Women’s Project is pleased to
announce the call for applications to our 2010-2012 Lab for Producers, Directors and Playwrights. The Lab is New York City based and begins in September 2010. The application deadline is January 18, 2010.

Thursday, November 19, 2009

Johnna Adams interview

Lovely interview with her over at Zack's blog.

Opening night

Exposition begins its brief appearance at the Brick (only three nights) this evening at 9pm. Be there or b squared.

"Here is where you should head this fall to warm your soul amid the diversions of that ever-great and ever-endangered American art form, musical comedy."

- New York Times, Charles Isherwood, about a different play.

Thursday, November 12, 2009

Exposition Tickets are available

Tickets for Exposition are now on sale. Go here for details.

Three nights only!

Thursday Nov. 19th 9pm
Friday Nov. 20th 8pm
Saturday Nov. 21st 8pm

From Exposition

A bit of text from EXPOSITION.

I woke up and it occurred to me immediately that I was covered in blood. My blood. I thought “Did I lose my dick?” Then I thought if I was going to become a hermaphrodite like one of those frogs. Then I realized “No, no. That’s not what a hermaphrodite is.” Then I thought I must be in shock. Then I went into shock.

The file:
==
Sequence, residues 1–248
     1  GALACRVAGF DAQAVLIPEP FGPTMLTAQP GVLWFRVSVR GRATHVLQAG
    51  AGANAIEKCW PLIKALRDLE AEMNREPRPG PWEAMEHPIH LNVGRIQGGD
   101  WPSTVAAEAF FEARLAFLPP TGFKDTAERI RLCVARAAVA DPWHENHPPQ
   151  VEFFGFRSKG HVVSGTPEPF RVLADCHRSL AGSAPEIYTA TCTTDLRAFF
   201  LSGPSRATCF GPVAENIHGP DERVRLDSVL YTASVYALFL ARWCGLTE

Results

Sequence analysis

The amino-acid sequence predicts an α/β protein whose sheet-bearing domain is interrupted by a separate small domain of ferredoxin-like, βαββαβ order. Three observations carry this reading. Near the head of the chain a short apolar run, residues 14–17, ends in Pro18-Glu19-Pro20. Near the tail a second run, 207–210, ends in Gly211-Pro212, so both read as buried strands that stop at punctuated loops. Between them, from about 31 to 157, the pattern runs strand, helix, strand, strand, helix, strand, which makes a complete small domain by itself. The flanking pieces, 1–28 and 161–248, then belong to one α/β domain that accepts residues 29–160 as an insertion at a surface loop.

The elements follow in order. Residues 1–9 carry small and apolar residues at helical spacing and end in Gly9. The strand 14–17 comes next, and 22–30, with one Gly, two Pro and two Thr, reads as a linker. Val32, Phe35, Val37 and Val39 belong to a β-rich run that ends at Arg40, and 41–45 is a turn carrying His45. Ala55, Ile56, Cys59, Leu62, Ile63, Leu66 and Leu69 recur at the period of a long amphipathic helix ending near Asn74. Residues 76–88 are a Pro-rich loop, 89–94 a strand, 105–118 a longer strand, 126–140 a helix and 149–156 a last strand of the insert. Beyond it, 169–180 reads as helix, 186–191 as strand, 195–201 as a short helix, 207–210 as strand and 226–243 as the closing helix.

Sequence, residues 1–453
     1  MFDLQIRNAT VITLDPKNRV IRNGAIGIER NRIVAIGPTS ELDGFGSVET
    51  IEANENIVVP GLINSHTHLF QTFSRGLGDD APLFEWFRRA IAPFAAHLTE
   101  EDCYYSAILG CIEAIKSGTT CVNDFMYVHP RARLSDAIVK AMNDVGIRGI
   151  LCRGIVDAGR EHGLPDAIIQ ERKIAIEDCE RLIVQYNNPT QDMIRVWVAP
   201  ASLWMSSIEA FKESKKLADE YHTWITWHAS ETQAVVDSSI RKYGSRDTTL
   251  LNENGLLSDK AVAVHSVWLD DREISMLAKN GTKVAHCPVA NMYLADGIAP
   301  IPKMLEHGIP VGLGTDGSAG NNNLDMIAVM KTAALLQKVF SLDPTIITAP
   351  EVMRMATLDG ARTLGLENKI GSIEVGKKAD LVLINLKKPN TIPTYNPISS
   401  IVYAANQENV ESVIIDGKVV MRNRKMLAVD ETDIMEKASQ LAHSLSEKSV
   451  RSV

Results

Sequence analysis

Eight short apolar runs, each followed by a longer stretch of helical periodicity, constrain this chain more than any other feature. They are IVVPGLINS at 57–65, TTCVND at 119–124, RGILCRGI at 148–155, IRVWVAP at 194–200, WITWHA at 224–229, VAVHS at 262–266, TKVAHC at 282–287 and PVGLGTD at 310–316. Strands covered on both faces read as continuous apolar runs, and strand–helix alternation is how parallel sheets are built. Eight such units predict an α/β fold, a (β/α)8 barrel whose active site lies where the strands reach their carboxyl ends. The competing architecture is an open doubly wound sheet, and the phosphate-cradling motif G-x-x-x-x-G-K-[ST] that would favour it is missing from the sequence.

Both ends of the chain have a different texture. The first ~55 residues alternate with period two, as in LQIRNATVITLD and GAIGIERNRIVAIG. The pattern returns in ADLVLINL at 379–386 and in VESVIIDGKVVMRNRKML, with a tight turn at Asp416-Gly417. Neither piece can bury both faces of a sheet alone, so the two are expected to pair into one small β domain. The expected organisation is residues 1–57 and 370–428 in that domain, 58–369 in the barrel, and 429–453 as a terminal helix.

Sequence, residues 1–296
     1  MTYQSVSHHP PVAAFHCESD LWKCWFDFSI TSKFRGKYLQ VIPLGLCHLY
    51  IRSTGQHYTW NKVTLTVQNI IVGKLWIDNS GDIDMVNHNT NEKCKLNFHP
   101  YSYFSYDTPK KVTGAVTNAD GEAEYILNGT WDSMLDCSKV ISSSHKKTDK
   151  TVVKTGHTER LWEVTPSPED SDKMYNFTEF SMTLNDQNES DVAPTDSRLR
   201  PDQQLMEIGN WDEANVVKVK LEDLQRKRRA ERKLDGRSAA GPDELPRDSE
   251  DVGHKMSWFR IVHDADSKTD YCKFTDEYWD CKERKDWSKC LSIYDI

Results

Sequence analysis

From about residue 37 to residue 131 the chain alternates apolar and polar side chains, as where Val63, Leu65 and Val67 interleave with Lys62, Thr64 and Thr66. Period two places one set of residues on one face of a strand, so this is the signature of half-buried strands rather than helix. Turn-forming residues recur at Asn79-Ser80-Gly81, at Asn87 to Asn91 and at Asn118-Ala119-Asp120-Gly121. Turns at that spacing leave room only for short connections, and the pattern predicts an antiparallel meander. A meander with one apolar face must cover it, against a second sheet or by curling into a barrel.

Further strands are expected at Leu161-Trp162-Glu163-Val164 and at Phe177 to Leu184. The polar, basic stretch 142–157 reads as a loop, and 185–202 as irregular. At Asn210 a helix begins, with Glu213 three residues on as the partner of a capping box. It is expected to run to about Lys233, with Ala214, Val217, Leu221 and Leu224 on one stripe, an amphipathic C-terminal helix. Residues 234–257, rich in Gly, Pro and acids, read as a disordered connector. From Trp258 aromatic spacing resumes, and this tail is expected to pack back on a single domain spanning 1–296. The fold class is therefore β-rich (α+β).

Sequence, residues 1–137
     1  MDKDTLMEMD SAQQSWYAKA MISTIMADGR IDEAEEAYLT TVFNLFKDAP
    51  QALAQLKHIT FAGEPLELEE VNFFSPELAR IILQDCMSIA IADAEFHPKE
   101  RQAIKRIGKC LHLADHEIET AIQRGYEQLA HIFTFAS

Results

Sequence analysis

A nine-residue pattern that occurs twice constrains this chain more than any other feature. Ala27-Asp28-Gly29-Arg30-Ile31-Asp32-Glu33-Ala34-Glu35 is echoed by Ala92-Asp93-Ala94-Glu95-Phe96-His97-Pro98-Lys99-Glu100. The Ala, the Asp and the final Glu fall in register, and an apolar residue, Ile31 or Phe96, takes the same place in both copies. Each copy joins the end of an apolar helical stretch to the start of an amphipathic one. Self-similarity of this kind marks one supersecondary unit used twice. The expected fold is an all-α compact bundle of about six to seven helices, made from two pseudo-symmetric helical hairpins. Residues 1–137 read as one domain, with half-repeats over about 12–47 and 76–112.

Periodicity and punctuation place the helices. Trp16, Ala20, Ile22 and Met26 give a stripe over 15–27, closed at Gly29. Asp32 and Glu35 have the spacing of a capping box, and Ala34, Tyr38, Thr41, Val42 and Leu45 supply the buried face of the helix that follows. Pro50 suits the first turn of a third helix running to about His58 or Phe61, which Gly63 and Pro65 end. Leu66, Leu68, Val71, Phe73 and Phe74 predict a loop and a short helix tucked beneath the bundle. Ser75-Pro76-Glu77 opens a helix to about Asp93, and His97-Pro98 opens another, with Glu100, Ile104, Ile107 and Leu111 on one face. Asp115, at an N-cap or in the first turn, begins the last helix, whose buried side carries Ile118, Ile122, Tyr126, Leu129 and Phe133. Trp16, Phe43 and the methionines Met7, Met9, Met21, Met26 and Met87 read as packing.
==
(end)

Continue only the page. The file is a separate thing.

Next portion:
Friday, November 06, 2009


We're entering into crunch time for Exposition. There will be three performances, November 19th - 21st. When tickets are up for sale, I'll let you know first!

If you're interested in seeing this, make sure you get tickets in advance. Three performances and a cast of seven means seats will go fast.

Thursday, November 05, 2009

Might I recommend...

That you DVR 30 Rock? That show is terrific. Tonight's episode featured some lovely Seagull jokes.

Wednesday, November 04, 2009

Look out!

The GOP won two gubernatorial races in states where the incumbent was weak or already deeply unpopular! Democrats are doomed, clearly.

Maine, though, just decided it prefers living in 1955.

Monday, November 02, 2009


Would your work be any different if selling tickets wasn't a factor?

Let's assume that whatever you did would have a full house. The audience is not guaranteed to enjoy or understand the production, but they're guaranteed to attend.

Would your choice of production be different? Would your choices as a writer or director be different? As an actor, would you have a different relationship with the audience?